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Capsule Stage Reviews: Il Trovatore, Crimes of the Heart, In the Next Room (or the vibrator play)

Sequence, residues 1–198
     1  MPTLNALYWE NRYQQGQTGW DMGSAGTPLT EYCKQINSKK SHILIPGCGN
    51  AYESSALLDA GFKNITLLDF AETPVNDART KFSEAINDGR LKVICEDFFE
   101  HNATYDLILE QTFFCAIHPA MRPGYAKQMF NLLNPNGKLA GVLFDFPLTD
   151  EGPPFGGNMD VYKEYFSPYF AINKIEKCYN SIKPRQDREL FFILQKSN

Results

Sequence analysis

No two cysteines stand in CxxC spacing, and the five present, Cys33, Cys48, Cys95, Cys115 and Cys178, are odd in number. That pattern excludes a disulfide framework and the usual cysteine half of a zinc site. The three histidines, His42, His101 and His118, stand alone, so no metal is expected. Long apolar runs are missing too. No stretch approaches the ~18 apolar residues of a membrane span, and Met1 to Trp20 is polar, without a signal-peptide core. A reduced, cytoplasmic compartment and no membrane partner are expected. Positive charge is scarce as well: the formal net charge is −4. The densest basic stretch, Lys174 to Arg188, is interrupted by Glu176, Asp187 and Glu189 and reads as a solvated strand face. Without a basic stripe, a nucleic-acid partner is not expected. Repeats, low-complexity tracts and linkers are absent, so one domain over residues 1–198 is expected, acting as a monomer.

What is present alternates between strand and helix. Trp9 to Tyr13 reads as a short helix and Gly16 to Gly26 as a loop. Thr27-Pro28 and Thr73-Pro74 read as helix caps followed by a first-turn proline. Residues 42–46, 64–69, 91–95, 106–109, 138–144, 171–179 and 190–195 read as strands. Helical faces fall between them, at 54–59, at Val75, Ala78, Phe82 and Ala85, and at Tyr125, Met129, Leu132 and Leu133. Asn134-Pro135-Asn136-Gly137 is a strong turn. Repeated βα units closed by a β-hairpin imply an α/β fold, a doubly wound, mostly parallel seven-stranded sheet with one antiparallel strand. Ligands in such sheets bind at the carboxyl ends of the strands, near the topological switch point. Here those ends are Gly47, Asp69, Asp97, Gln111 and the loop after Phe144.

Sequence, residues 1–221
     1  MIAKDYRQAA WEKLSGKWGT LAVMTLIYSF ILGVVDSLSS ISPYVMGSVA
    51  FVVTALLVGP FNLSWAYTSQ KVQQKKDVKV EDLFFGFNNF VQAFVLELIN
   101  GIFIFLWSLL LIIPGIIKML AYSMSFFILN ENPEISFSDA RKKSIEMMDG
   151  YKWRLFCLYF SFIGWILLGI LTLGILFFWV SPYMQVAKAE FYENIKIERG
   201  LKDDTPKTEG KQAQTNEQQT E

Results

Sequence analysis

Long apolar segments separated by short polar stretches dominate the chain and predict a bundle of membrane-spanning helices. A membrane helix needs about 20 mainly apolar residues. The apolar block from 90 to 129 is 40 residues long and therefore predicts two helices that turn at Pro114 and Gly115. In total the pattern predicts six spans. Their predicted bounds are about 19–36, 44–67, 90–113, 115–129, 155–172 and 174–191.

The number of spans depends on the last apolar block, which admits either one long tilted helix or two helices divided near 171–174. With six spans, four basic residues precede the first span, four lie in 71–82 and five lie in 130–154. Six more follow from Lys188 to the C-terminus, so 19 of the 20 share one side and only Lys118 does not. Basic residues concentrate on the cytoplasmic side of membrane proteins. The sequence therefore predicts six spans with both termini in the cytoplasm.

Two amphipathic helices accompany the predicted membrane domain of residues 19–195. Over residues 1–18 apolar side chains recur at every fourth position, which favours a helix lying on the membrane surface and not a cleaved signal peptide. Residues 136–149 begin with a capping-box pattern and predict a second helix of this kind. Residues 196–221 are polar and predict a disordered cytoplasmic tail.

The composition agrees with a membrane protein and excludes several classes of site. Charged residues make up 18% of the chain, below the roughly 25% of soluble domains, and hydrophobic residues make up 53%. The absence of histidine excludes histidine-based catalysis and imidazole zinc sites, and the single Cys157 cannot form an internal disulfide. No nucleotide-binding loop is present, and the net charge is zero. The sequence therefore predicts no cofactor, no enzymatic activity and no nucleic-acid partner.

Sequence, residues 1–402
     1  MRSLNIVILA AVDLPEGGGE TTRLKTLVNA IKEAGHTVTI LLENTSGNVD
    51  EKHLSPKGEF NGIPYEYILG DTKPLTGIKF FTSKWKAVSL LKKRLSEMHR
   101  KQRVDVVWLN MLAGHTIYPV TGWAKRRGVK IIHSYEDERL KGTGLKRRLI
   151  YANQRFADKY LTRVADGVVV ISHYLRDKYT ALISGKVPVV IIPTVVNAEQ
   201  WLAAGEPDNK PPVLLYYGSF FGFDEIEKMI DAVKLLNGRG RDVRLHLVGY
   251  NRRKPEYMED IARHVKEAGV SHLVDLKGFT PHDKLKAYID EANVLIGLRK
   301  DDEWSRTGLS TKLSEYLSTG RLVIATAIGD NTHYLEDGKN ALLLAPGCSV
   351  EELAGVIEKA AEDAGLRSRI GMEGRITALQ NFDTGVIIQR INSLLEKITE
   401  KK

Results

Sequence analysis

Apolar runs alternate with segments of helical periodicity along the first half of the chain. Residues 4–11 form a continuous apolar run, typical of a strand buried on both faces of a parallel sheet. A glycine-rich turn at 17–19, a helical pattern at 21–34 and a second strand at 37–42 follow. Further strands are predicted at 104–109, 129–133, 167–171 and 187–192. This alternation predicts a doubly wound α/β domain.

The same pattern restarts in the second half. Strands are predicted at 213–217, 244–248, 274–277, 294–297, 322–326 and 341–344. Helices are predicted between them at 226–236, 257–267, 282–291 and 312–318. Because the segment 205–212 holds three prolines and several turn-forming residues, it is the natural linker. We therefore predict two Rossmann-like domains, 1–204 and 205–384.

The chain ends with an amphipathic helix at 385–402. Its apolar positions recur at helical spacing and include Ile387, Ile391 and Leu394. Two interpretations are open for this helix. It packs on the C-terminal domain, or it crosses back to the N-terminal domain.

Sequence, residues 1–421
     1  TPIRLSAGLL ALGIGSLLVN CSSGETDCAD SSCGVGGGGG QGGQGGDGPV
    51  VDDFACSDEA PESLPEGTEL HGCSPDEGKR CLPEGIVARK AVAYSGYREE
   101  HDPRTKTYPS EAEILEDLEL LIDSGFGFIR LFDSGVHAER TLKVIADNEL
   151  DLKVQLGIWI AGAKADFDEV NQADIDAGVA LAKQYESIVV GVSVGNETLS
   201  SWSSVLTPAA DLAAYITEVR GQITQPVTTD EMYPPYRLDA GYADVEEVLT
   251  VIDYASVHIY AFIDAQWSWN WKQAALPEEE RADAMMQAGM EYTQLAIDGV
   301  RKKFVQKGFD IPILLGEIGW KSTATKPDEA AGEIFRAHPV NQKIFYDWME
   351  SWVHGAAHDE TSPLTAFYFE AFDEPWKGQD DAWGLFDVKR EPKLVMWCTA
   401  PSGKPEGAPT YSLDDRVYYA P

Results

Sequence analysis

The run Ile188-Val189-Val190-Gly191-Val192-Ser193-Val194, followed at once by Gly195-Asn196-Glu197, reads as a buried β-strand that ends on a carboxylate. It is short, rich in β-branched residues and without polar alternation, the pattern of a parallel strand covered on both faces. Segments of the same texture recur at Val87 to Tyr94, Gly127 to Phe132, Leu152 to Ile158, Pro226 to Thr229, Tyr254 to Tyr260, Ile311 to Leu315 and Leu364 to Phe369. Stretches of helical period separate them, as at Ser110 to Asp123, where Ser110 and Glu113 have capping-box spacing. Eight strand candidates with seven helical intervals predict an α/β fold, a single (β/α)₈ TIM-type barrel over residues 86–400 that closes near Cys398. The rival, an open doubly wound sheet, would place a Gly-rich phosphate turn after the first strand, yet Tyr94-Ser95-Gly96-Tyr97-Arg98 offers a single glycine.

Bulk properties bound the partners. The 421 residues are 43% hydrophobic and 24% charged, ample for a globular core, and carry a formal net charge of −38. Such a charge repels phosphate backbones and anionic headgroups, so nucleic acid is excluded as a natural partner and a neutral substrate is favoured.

Il Trovatore Giuseppe Verdi's monumental and monumentally exciting opera (1853) roars into Opera in the Heights and flattens everything else around. It leaves one breathless. In the first scene of Act II, the gypsy camp is swarming with excitement (the famous "Anvil Chorus"), but earth mother Azucena (mezzo Jenni Bank) sits apart from the swaggering merriment. She is deep in thought and stares intensely into the void. The lights go all spooky, lighting her from below, and she's off into one of opera's most famous arias, "Stride la vampa" ("The flames are crackling!") as she remembers her mother burned at the stake. Full of horror yet profoundly moving, her aria plumbs the agility and lungs of any mezzo, as Azucena's frightening vision turns to implacable vengeance, imploring her son Manrico, the "troubadour" of the title (tenor Lázaro Calderón), to avenge the tortured death of her mother years earlier. Bank soars through the exciting powerhouse aria, which calls for a Verdian technique of the highest caliber since he asks for drama with a capital D and the agility to cover the scale with strength and, yes, subtlety. She is not alone on stage as a superlative Verdi interpreter, surrounded as she is by Calderón, soprano Lara Tillotson as Manrico's love Leonora, and baritone Adam Meza as evil Count di Luna, who's also in love with Leonora. (The Emerald cast, Dominick Rodriguez, Michelle Johnson, Andrew Cummings, and Sarah Heltzel performs March 22 and 24.) In Verdi's masterpiece -- one of so many -- "Stride" is but one of countless other showstopping arias, duets, trios, and chorus numbers in this unquenchable opera. Many of them you already know, its tunes having entered our consciousness a century ago. Director Brian Byrnes wisely keeps the staging unfussy and lets the singers do what they do best. Maestro Enrique Carreón-Robledo whips up the reduced OH orchestra into appropriate frenzy, keeping Verdi taut and trim and moving ever forward. You can hear his love of Verdi in the crisp phrasing and silky textures he elicits from his players. As a crash course in opera and the theatrical wonders Verdi's music can conjure, there's no better start than the volcanic Il Trovatore. It hasn't been bettered. Musically, neither has this production from Opera in the Heights. Through March 25. 1703 Heights Blvd., 713-861-5303. – DLG